Although some of the game guitarists used modeling units—such as the Boss GT-8 or Line 6 POD XT Live—to quietly track parts at home, as much as possible, the players tried to match the gear that was used for the original recordings.
“I have a stack of Guitar Player magazines from 1980 on, so old interviews would sometimes have great information,” says producer/guitarist Steve Ouimette, who has been involved with Guitar Hero III.
“For instance, Leslie West played a mid ’50s Les Paul Jr. on ‘Mississippi Queen,’ so I borrowed one from my buddy. I’m pretty sure West used Sunn amps for that recording, but the closest I could get was my ’67 Marshall plexi P.A. head into a ’68 Marshall basketweave cab. For the mic preamps, I used Ampex 350s, and the mics were a Beyer M160 close up, and a Neumann U47 FET as a room mic. As I was overdubbing the solos, I put a snare drum in the room, and left the snares open so the rattle was picked up on the guitar track. This helped glue the track together. Back in the day, many tracks were recorded live, and signal bleed between instruments was a major component of the sound.”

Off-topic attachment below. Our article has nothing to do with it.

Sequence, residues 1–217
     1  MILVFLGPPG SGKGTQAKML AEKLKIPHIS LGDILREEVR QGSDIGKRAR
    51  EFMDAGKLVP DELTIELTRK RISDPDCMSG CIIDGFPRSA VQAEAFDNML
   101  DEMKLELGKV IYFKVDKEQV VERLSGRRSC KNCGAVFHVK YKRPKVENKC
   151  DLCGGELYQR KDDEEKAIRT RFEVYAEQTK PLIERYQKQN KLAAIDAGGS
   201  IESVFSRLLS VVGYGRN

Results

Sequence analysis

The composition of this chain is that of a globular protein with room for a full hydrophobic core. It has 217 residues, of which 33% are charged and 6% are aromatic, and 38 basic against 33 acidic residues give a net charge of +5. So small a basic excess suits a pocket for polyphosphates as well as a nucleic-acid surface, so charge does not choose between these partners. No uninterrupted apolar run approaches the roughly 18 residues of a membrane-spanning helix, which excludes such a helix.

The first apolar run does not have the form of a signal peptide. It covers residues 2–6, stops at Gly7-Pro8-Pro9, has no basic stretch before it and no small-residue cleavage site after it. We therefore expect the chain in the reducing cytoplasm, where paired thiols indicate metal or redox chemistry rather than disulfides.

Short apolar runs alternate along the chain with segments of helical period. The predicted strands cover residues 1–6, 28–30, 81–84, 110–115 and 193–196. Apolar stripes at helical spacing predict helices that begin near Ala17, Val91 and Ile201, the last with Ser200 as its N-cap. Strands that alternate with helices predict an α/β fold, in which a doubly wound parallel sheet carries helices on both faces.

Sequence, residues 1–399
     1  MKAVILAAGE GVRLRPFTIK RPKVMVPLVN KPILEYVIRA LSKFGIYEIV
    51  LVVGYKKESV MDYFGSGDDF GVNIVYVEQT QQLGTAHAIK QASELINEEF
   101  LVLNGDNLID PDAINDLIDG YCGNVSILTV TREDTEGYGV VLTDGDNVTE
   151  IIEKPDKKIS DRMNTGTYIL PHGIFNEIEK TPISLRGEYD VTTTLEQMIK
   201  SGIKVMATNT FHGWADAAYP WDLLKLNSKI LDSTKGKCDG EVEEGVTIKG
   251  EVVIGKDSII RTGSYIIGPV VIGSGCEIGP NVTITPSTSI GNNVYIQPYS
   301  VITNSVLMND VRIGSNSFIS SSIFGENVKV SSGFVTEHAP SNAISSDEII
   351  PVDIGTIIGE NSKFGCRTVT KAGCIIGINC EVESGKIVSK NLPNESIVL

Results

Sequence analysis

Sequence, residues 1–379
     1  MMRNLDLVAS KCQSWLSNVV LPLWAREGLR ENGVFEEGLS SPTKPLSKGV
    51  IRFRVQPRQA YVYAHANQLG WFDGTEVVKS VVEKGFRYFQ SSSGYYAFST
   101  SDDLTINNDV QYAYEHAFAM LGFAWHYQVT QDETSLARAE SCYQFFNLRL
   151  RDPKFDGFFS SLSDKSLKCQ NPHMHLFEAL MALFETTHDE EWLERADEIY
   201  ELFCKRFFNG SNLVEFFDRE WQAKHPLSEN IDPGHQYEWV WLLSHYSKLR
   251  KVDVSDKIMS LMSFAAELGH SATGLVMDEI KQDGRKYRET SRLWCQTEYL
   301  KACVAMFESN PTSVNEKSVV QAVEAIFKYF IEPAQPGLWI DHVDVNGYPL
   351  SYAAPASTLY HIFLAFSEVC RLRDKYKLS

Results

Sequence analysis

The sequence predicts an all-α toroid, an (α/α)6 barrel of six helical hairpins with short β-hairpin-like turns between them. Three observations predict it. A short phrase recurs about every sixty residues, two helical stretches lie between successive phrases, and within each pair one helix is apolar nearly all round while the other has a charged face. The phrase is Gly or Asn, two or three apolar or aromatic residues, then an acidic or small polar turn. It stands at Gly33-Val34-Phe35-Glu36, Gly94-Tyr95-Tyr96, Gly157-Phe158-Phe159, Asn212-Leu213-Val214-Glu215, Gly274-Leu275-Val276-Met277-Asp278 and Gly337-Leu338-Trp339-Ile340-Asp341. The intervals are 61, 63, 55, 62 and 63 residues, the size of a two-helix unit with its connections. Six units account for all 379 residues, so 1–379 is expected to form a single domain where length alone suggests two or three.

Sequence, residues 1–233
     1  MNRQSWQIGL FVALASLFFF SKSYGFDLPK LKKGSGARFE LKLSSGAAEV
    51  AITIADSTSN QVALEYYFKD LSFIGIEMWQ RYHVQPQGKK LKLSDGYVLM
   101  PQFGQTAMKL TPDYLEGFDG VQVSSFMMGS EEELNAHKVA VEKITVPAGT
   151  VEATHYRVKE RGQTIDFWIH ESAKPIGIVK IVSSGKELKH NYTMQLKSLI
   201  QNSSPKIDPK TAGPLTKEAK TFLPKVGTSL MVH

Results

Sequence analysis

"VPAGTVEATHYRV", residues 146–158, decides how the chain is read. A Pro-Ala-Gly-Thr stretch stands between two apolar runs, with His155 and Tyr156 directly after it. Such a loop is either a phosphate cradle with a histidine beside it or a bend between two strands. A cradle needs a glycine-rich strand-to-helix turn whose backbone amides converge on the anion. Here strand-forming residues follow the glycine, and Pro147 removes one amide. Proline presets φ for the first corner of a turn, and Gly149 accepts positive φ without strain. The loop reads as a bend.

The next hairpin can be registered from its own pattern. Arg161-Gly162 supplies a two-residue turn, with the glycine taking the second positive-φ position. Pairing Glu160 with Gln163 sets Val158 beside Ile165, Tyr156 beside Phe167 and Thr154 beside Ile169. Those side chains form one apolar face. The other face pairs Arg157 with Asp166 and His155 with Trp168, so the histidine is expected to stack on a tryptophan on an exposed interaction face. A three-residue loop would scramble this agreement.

Ouimette recorded his parts into Pro Tools at 24-bit/48kHz, and mixed through an SSL J-series board. However, they didn’t have SSLs back in the early days of Mountain, so he relied on vintage outboard gear to get the appropriate old-school sound.